[PARIS] A newly established global panel on biodiversity faces being sidetracked by niche interests and northern agendas if it does not tread carefully, a meeting has heard.
The Intergovernmental Platform on Biodiversity & Ecosystem Services (IPBES) was formed in April 2012, with a mandate to assess the state of the planet's biodiversity and ecosystems, and provide accessible scientific advice to policymakers.
But it faces several challenges. The key issue to emerge at an IPBES stakeholders' meeting in Paris, France, this week (29–30 April) was how to involve voices from the global South, including those of indigenous communities, traditional and local knowledge holders, women, and civil society organisations.
Experts are concerned the panel could become ensnared by northern government agendas, private-sector lobbying or the interests of the vocal conservation sector, at the expense of livelihood concerns and biodiversity priorities of local communities in the developing world.
And many insiders are worried that the IPBES bureau and multidisciplinary expert panel — IPBES's core governance institutions — are already too skewed towards conventional scientific voices and government ministries, and are failing to represent more diverse voices and communities in developing countries.
Representing the vast heterogeneity of interests and agendas is a challenge, but one that must be faced, says Anne Larigauderie, executive director of Diversitas, an international biodiversity research programme, and head of the International Council for Science delegation at IPBES.
"We need to design very clear rules of representation … to ensure that the South, in all its diversity, is involved at every level," she told SciDev.Net. "Whether IPBES is able to do that or not will certainly be a criteria of its success."
Several experts highlighted the need for a participatory approach at the agenda-setting stage to give everyone a chance to influence the panel's work.
Douglas Nakashima, chief of section at UNESCO-LINKS (the UN Educational, Scientific and Cultural Organization's Local and Indigenous Knowledge Systems project), told SciDev.Net that ensuring local community participation "has always been a major challenge during these global processes, because biodiversity has to be done at a local level".
"Global and regional science can't bring all the answers that are required," he added. "The two are operating at a very different scale and asking different questions in relation to biodiversity."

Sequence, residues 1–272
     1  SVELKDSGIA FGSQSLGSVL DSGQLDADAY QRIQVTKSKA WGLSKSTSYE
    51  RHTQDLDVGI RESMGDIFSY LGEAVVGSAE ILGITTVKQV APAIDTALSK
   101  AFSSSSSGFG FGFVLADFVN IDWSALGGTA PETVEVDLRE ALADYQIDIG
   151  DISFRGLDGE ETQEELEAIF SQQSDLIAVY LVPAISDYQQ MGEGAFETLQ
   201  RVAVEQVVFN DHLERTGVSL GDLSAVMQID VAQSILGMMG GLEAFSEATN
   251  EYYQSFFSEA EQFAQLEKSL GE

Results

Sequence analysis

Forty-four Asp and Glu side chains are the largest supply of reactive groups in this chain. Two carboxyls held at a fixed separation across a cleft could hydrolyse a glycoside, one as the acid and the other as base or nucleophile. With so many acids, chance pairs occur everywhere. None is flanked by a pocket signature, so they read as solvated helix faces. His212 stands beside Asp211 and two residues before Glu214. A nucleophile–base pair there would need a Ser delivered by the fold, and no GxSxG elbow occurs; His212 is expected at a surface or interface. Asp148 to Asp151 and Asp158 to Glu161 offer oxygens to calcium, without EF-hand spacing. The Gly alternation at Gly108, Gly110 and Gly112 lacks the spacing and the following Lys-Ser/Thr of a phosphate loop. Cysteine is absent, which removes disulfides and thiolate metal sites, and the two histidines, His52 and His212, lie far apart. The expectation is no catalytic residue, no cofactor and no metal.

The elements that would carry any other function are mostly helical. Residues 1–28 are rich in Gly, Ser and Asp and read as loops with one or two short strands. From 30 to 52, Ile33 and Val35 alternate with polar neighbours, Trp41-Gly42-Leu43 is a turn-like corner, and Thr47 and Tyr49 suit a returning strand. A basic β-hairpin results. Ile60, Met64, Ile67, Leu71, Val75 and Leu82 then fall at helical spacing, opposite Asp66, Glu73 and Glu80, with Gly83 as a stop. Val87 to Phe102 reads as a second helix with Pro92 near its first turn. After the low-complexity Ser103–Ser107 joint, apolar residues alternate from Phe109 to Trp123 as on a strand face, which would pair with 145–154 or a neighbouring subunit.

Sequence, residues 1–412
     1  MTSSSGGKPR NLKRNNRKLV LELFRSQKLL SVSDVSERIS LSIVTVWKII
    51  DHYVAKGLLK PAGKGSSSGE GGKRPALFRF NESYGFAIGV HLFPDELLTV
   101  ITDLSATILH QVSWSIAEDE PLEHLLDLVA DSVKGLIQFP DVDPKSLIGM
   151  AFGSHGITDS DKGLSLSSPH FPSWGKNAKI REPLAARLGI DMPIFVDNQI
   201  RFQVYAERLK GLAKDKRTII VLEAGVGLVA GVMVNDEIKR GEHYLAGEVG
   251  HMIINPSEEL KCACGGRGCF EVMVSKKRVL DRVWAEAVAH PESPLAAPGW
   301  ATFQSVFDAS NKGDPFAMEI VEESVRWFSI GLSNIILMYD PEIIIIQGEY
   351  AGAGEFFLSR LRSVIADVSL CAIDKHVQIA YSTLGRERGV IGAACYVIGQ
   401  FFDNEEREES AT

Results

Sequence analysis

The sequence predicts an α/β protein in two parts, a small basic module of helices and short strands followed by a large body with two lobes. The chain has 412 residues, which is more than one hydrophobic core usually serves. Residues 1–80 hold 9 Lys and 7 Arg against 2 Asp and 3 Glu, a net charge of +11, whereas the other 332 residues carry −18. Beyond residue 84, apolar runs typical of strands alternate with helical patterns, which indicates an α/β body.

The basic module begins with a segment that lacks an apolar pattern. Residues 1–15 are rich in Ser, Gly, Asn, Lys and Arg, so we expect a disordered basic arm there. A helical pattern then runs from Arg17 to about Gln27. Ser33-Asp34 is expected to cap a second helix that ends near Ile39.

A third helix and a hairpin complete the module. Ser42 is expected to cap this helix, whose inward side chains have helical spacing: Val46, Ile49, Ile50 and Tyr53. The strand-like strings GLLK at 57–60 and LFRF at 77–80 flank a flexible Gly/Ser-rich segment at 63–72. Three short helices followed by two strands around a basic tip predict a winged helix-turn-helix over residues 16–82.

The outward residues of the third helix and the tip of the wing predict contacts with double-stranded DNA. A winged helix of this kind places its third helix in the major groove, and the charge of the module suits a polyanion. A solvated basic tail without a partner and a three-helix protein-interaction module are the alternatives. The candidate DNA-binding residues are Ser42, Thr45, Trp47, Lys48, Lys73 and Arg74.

With IPBES, Nakashima said, there is hope that linking the local, regional and global can bring results that can help local people and the global community address the biodiversity crisis.
Larigauderie told SciDev.Net that IPBES should learn from mistakes made by the Intergovernmental Panel on Climate Change (IPCC), such as its narrow focus on dialogues between governments and scientists.
"There have been shortcomings in terms of applying IPCC knowledge and making it policy relevant, so that society really owns it and uses it," she said. "This is particularly the case in developing countries, where the IPCC has been criticised as 'science from the North'."
Christine von Weizsäcker, president of Women in Europe for a Common Future's board of trustees, said that "policymakers must learn from the public, not the other way round only", and that this principle must be enshrined in IPBES.
"If we do this right, there is a chance for multidisciplinary expertise from all regions — not just a northern and conservation-dominated agenda," she said.
Implementing local projects and dialogues with structured and transparent inputs; harnessing the power of web-based networks; and tapping into citizen science and informal knowledge networks were all touted at the meeting as important avenues for capturing and integrating diverse knowledge.
However, Nakashima stressed that IPBES must not "reinvent the wheel" but should "recognise all the expertise and networks that have already been developed" to engage and reflect local and indigenous knowledge.
"For example, there's a whole school of work in the Pacific Islands relating to the customary management of marine resources and work in Africa on agricultural systems and soil sciences," he told SciDev.Net. "These would contribute to some understanding of how indigenous knowledge can be effectively brought into IPBES."
Similarly, IPBES must take heed of processes such as the UN Convention on Biological Diversity, where "indigenous peoples have been actively engaging", Nakashima said.
The IPBES "takes as a starting point a clear recognition of the value of both scientific knowledge and indigenous and local knowledge", which, if carried through in its work programme, could yield "some very interesting advances", he added.
"Of course, there are challenges," he said. "We have to recognise that these diverse knowledge systems will sometimes coincide, sometimes contradict and sometimes have very different perspectives on the same situations."